The new tool is postprocessd (because it's supposed to run in the background and queue processing) It uses libraw to get rgb data, this is the same library that's used in dcraw. Then the resulting data is written directly to to libjpeg to create the final jpegs without any processing in between. This is what actually generated the first image shown in the banner. Processing a single .dng to a .jpg in this pipeline is pretty fast compared to the old pipeline, a full processing takes 4 seconds on the PinePhone.

The downside is that the image looked much worse due to the missing processing. Also just having a bunch of .jpeg files isn't ideal. The solution I wanted is still the image stacking to get less noise. With the previous try to get stacking running with HDR+ it turned out that that process is way way way too slow for the PinePhone and the results just weren't that great. In the meantime I've encountered https://github.com/luigi311/Low-Power-Image-Processing which uses opencv to do the stacking instead. This seemed easy to fit in.

Version 2 with opencv for stacking

This  new code takes all the frames and converts them with libraw. Then the opencv code filters out all the images that are low contrast or fully black, because sometimes Megapixels glitches out. The  last .dng file is then taken as a reference image and all the other images are aligned on top of that with a full 4 point warping transform to account for the phone slightly moving between taking the multiple pictures. After the aligning the pictures are averaged together to get a much less noisy image without running an actual denoiser.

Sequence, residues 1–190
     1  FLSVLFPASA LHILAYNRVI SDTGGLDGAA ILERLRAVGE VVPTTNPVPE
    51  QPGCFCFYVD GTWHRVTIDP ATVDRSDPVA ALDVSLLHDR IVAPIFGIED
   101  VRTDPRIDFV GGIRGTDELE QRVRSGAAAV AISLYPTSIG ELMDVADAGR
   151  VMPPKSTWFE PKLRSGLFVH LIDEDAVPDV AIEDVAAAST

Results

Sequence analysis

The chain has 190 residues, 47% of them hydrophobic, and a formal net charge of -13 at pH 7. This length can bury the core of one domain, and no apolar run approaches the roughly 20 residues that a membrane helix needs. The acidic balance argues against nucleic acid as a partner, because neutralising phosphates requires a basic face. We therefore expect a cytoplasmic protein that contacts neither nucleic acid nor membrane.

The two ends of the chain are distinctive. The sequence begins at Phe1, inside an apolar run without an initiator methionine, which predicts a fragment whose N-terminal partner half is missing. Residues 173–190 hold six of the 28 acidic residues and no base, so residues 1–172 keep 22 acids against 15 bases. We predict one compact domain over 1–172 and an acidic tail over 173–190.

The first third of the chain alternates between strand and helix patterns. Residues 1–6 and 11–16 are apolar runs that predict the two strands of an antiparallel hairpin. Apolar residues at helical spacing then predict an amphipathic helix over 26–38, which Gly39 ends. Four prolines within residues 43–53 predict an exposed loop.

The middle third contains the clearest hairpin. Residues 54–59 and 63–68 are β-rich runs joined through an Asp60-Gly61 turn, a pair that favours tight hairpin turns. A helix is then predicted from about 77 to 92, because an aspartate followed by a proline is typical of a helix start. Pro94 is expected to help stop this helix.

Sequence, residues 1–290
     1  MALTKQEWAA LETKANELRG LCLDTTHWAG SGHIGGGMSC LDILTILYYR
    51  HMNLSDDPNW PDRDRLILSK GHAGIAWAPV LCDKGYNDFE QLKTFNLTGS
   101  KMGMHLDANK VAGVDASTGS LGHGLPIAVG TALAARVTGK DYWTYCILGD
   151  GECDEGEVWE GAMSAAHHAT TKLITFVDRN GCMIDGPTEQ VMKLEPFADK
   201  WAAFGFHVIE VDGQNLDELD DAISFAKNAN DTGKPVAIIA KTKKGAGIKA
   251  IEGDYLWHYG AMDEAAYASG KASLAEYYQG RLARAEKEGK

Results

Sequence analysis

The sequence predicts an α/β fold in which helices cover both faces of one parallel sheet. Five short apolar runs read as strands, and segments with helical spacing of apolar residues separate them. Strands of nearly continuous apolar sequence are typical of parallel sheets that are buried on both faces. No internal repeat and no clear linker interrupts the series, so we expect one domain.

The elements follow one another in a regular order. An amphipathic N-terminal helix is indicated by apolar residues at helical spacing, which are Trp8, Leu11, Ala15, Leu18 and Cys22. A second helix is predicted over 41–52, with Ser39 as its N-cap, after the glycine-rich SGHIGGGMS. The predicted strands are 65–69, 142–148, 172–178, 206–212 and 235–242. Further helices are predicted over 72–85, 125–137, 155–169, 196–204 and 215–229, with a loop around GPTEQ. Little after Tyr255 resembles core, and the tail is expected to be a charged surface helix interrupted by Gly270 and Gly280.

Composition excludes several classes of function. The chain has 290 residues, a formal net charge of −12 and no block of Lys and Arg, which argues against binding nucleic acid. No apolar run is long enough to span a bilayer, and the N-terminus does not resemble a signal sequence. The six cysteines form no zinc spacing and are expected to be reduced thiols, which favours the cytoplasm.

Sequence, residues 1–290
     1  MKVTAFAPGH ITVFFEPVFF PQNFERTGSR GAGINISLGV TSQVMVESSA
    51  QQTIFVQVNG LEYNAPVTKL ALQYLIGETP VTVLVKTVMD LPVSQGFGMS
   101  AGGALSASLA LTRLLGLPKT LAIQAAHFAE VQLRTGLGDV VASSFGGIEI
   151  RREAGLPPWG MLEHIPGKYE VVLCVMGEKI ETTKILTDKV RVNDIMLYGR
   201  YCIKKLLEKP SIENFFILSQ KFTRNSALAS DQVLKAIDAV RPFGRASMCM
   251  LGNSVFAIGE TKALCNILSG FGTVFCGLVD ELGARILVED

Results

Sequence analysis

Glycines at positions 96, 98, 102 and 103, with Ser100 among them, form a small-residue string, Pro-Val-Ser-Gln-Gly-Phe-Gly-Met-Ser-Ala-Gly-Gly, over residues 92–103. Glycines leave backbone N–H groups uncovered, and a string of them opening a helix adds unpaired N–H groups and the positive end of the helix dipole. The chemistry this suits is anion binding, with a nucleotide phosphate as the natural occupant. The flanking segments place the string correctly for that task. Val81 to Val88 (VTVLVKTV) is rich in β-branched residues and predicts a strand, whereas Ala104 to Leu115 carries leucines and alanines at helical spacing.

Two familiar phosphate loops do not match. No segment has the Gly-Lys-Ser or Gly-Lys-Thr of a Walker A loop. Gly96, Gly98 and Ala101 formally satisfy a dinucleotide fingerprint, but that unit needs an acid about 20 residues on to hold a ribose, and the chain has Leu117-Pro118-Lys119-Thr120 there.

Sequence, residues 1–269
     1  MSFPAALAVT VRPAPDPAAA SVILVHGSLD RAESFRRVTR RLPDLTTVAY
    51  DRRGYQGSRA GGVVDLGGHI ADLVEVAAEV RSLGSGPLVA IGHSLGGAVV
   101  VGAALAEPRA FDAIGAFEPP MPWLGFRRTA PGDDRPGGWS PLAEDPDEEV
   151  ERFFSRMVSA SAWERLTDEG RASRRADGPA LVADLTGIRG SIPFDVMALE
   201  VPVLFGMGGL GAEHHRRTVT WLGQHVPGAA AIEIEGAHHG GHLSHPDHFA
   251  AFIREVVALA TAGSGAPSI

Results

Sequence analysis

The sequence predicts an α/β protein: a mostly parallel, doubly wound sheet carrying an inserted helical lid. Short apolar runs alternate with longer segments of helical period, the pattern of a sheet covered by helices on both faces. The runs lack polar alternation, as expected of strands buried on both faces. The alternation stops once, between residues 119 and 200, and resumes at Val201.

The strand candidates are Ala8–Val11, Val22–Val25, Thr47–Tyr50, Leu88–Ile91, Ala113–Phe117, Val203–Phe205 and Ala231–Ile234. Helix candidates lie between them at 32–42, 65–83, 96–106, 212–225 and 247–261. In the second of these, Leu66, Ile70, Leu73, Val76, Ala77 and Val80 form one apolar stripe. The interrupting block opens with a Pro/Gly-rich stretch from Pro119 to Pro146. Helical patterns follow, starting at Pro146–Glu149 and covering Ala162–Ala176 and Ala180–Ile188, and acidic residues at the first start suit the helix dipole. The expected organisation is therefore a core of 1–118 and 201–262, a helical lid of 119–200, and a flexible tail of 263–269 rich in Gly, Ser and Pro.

This process produced an image that's exactly the same as the output files from v1 but with less noise.

Before and after stacking

This is a zoomed in crop of a test image that shows the difference of noise. The results are amazing for denoising without having artifacts that make the image blurry. But for every upside there's a downside. This is very slow.

Stacking 2 images together with the current code takes 38 seconds. For great results it's better to stack 2 images though.

Color processing

Now the opencv dependency is added it's pretty easy to just use that to handle  the rest of the postprocessing tasks.

The main improvement here is the automatic blacklevel and whitelevel correction. The code slightly blurs the image and then finds the darkest and brightest point. Then it's simply substracting the value of the darkest point to shift the colors in the whole image down and the colored haze is removed. Then the pixels get multiplied with a calculated value to make the brightest pixel pure white again which "stretches" the brightness range so it fills the full spectrum. This process adds the contrast like the old imagemagick code did, but in a way more carefully tuned way.

After this a regular "unsharp mask" sharpening filter is run that's fairly agressive, but tuned for the sensor in the PinePhone so it doesn't look oversharpened.

A last thing that's done is a slight gamma correction to darken the middle gray brightness a bit to compensate for the PinePhone sensor overexposing most things. The resulting contrast is pretty close to what my other Android phones took, except the resolution for those phones is a lot better.

What's left to do

The proof of concept works, now the integration work needs to happen. The postprocessing is quite CPU intensive so one of the goals of postprocessd is to make sure it never processes multiple images at the same time but instead queues the processing jobs up in the background so the CPU is free to actually run Megapixels. There's also still some bugs with the exif processing and the burst length in the current version of Megpixels is a bit too short. This can probably be made dynamic to take more pictures in the burst when the sensor gain is set higher.